How To File Chapter 13 Bankruptcy
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Chapter 13 bankruptcy lets you restructure overwhelming debts under the protection of a federal court, setting up a repayment period of three to five years.
This is also called wage earners bankruptcy, because you must have a regular income to qualify. The goal is to resolve some debts and get current on secured loans those with collateral, such as a home or car. Here’s how to figure out if Chapter 13 bankruptcy is right for you and how to file.
How Do I Repay Creditors In Chapter 13
You must begin making payments according to the proposed three- or five-year repayment plan within 30 days after filing for Chapter 13. The bankruptcy trustee will hold the payments until the court either confirms or denies your plan.
If the court denies the plan, the trustee will return the money to you. If the court confirms your plan, the trustee will distribute the funds to creditors following the program you created.
Estimated Proofs Of Claim
The IRS files estimated proofs of claim if you have unfiled, past due federal tax returns. Its important to have an up-to-date proof of claim for any federal taxes you owe before confirmation of your Chapter 13 plan. This ensures you dont pay any more than you need to and minimizes discharge of the tax debt issues upon completion of the Chapter 13 plan.
To help the IRS quickly amend an estimated proof of claim, promptly provide the IRS bankruptcy specialist with a copy of each late filed return for each year on the proof of claim. This helps to avoid unnecessary litigation on the proof of claim or discharge of the liability.
The specialists name and contact information are in part 3 of page 3 of the proof of claim. Otherwise, call 800-973-0424 to get the name and phone number of the specialist handling your case.
The specialist will ordinarily amend the proof of claim within 21 days. If you havent heard from the specialist within 21 days of submitting your late filed returns, please call 800-973-0424.
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How Does Chapter 13 Work
Chapter 13 is similar to Chapter 11, which is usually applicable to companies. In both instances, the petitioner presents a reorganization plan that protects assets against seizure or foreclosure and usually includes a request for debt forgiveness.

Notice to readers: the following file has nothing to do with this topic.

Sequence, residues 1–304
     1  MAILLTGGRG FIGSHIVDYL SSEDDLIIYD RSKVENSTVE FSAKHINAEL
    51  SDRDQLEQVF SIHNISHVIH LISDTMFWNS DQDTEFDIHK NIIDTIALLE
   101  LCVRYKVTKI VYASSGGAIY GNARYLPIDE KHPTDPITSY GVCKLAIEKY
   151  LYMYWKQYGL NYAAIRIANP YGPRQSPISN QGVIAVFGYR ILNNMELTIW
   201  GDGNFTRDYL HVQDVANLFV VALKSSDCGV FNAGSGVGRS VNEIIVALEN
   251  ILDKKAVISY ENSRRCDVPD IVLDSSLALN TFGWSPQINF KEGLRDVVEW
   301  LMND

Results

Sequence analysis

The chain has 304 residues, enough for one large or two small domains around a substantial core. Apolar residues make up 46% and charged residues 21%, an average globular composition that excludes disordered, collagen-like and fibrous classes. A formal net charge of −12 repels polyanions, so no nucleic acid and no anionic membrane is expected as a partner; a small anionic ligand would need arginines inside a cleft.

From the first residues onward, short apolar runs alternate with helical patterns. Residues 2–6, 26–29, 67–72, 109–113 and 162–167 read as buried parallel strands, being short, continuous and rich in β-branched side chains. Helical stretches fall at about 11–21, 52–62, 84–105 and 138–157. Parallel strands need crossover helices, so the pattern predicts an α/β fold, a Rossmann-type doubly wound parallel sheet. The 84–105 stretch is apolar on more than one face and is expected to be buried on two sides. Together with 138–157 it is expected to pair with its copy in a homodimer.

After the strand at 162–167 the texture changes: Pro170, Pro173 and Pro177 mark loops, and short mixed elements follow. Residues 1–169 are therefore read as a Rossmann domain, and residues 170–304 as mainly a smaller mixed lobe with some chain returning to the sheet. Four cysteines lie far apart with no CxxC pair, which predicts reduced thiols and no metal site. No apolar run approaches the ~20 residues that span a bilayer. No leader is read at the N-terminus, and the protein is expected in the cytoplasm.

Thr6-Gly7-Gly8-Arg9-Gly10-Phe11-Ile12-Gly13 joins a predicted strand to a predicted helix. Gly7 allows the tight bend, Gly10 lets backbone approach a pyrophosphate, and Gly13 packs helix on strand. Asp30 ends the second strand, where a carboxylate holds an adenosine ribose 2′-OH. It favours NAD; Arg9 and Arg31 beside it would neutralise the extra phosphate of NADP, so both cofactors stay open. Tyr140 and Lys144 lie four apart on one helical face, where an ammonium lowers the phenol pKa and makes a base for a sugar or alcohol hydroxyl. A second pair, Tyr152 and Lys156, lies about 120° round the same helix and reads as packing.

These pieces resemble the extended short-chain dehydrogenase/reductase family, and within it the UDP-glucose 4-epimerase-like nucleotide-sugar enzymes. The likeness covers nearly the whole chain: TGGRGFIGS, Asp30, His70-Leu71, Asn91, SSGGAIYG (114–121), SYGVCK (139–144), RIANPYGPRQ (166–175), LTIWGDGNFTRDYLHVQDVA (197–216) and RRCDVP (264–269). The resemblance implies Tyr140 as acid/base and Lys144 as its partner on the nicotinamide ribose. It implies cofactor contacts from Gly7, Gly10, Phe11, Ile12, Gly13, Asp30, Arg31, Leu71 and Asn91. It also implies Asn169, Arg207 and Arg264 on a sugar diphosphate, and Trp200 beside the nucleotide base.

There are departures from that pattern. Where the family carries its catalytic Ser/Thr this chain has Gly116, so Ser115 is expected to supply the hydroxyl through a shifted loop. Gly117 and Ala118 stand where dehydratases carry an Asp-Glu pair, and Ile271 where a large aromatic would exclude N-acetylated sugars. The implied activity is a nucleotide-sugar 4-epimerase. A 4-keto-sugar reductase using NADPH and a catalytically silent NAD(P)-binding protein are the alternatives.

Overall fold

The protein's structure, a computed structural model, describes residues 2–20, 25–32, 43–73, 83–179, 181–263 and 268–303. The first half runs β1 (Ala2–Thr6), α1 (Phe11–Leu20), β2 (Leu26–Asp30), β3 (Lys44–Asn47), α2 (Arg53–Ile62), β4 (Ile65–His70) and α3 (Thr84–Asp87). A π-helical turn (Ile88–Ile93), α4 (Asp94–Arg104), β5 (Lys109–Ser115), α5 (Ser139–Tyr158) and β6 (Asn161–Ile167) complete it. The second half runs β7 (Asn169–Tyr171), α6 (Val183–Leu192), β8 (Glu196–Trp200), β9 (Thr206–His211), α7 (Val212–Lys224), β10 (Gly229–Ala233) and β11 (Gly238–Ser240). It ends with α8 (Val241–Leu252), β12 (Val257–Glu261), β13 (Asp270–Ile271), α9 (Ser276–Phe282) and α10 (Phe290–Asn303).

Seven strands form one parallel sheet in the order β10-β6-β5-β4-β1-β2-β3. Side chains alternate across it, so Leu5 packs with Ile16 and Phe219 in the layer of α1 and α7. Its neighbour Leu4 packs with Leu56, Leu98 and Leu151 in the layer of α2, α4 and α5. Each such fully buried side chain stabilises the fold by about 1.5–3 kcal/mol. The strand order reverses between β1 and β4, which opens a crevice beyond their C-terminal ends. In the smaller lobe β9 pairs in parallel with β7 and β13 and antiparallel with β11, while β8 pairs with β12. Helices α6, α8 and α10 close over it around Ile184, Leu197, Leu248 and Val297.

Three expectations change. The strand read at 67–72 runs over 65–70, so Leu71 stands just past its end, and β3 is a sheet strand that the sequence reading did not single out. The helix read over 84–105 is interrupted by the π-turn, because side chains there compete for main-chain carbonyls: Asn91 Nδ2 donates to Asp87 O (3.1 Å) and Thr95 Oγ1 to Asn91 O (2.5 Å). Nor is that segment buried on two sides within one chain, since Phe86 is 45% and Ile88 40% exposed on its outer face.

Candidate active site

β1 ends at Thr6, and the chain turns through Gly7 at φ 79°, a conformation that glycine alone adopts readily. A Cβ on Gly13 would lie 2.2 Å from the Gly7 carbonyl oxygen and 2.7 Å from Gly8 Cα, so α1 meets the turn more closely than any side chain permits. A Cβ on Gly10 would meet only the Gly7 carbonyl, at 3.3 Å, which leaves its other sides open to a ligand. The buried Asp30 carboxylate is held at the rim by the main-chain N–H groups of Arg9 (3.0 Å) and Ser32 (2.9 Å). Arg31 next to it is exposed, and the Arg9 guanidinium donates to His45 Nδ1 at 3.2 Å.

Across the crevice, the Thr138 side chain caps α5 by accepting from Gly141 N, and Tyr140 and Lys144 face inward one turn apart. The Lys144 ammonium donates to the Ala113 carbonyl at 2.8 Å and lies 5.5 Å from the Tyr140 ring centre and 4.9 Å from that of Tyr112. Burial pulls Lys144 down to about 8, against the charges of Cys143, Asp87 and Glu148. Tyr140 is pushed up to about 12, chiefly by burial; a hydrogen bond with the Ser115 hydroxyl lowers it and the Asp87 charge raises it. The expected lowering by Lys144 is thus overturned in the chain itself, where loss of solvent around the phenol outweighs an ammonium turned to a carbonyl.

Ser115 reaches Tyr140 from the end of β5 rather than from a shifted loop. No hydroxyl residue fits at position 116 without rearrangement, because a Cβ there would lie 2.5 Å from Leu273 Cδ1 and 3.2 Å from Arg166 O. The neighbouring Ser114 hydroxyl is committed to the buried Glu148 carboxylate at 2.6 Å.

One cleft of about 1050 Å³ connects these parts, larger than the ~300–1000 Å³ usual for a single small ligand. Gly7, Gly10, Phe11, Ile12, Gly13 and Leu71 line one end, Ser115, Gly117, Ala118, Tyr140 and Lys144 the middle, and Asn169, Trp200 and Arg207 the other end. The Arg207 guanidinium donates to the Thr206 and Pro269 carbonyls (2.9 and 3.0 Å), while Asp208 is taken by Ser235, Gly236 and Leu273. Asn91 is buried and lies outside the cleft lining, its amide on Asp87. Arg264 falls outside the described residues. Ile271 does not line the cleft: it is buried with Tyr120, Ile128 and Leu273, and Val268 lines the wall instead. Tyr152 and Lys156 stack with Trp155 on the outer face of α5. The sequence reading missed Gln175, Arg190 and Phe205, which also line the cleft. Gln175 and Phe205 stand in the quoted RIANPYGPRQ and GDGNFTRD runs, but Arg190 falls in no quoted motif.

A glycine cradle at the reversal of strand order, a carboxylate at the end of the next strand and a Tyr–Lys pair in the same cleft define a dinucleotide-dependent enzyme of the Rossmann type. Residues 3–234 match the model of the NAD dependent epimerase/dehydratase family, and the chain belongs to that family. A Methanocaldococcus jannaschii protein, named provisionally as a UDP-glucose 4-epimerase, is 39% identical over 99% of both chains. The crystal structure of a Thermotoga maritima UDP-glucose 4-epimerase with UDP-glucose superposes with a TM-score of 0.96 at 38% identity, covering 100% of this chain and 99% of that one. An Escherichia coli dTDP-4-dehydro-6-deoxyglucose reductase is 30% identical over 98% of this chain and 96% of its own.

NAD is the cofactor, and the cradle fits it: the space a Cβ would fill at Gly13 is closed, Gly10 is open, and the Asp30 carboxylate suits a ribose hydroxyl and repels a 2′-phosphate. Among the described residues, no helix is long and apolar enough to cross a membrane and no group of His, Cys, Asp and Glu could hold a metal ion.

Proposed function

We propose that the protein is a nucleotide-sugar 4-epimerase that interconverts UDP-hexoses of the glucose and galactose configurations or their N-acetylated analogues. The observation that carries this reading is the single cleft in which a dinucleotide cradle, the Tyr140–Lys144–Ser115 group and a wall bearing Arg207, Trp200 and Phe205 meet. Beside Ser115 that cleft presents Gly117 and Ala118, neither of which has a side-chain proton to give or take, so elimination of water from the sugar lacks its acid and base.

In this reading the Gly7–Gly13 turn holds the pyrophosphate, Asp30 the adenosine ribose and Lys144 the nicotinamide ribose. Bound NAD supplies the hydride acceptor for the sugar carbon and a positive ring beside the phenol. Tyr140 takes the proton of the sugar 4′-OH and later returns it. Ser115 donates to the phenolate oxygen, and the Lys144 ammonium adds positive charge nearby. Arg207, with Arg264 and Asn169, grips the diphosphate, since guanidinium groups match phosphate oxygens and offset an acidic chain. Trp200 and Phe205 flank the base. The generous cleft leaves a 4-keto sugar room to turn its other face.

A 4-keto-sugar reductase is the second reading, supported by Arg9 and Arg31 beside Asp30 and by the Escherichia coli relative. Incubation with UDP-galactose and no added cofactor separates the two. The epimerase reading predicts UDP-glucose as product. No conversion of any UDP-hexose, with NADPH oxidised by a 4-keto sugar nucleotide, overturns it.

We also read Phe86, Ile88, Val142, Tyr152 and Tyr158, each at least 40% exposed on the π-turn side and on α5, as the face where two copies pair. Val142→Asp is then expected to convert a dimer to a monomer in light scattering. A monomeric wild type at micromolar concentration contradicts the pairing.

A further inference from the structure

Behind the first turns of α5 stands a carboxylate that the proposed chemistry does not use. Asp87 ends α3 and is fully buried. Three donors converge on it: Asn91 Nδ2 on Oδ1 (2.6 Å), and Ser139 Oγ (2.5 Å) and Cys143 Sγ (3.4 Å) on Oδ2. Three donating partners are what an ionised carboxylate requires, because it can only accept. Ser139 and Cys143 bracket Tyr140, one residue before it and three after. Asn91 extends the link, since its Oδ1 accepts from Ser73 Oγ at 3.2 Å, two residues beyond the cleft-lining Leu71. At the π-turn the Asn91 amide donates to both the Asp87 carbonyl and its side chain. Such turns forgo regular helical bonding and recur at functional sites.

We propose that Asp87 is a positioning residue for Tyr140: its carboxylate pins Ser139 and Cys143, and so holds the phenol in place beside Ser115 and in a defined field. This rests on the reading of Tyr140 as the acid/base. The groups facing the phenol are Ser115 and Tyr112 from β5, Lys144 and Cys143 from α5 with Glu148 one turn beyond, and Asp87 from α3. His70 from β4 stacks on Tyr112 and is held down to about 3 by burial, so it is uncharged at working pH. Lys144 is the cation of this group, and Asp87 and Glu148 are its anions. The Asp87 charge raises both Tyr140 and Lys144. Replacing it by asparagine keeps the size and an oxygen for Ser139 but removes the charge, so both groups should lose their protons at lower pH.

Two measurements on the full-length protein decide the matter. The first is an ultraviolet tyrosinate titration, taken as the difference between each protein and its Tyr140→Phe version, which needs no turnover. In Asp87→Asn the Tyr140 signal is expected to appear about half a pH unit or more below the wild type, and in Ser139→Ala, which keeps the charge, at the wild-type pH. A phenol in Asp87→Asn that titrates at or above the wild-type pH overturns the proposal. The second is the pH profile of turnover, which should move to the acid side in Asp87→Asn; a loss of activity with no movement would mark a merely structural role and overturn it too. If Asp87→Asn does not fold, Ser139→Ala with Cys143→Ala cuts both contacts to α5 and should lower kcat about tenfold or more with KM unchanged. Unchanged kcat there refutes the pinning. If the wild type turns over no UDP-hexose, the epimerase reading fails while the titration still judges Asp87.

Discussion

Both are distinct from the more severe Chapter 7 filing, which effectively liquidates all assets save those expressly safeguarded.
No bankruptcy discharges all obligations. Payments of child support and alimony and the majority of school loans and some kinds of taxes are not dischargeable.
However, bankruptcy may eliminate various other obligations, though it will almost certainly make future borrowing more difficult.
Let Our North Carolina Chapter 13 Bankruptcy Lawyers Help You
Schedule a free consultation with our North Carolina bankruptcy law firm today to discuss whether Chapter 13 might be an option for you. Our bankruptcy lawyers work with individuals and businesses throughout North Carolina, including in Wake, Harnett, Johnston, Durham, Orange, Granville, Vance, Franklin, Warren, Nash, Lee, Chatham, and Moore counties.
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Conversion To Chapter 7
You can also convert â or change â your case from a Chapter 13 to a Chapter 7. A new trustee is appointed, and youâll have to go to another meeting of creditors. The converted case will proceed like a regular Chapter 7, with the trustee looking for and selling non-exempt assets for the benefit of your creditors.
Is Chapter 13 Right For You
If all of your debt is unsecured and youâre eligible for a Chapter 7 discharge, Chapter 13 probably isnât right for you. But, if you have car loans or missed mortgage payments that you need to deal with, Chapter 13 might be exactly what you need.
Chapter 13 bankruptcy is right for you only if you can pay for all of your reasonable living expenses and make the plan payment without having to compromise on something.
While the plan payment is determined by your actual disposable income, the minimum amount it has to be also depends on your specific goals. Want to pay off that car loan? Your monthly plan payment has to cover at least that. Want to keep certain non-exempt personal property? Your plan payment has to cover that as well.
Chapter 13 is powerful, but you have to have the means to pay for it. If youâre $40,000 in arrears on your mortgage and making the monthly mortgage payments is still a stretch, filing a Chapter 13 to save your home is likely not a good idea.
One way to look at whether Chapter 13 is right for you is to compare your proposed plan payment to your current car payment. If your plan payment is equal to or less than what youâre currently paying for your car loans every month, you will have more money for necessities in a Chapter 13 than you have now.
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Some Of The Benefits Of Filing For Chapter 13 Bankruptcy Include:
- Stops foreclosure and provides the property owner an opportunity to bring current the arrears over time
- Stops vehicle and mobile home repossessions and may provide an opportunity to restructure these obligations
- Provides relief from student loan collection actions for the duration of the repayment plan
- Provides protection from creditors seeking to collect past-due domestic support obligations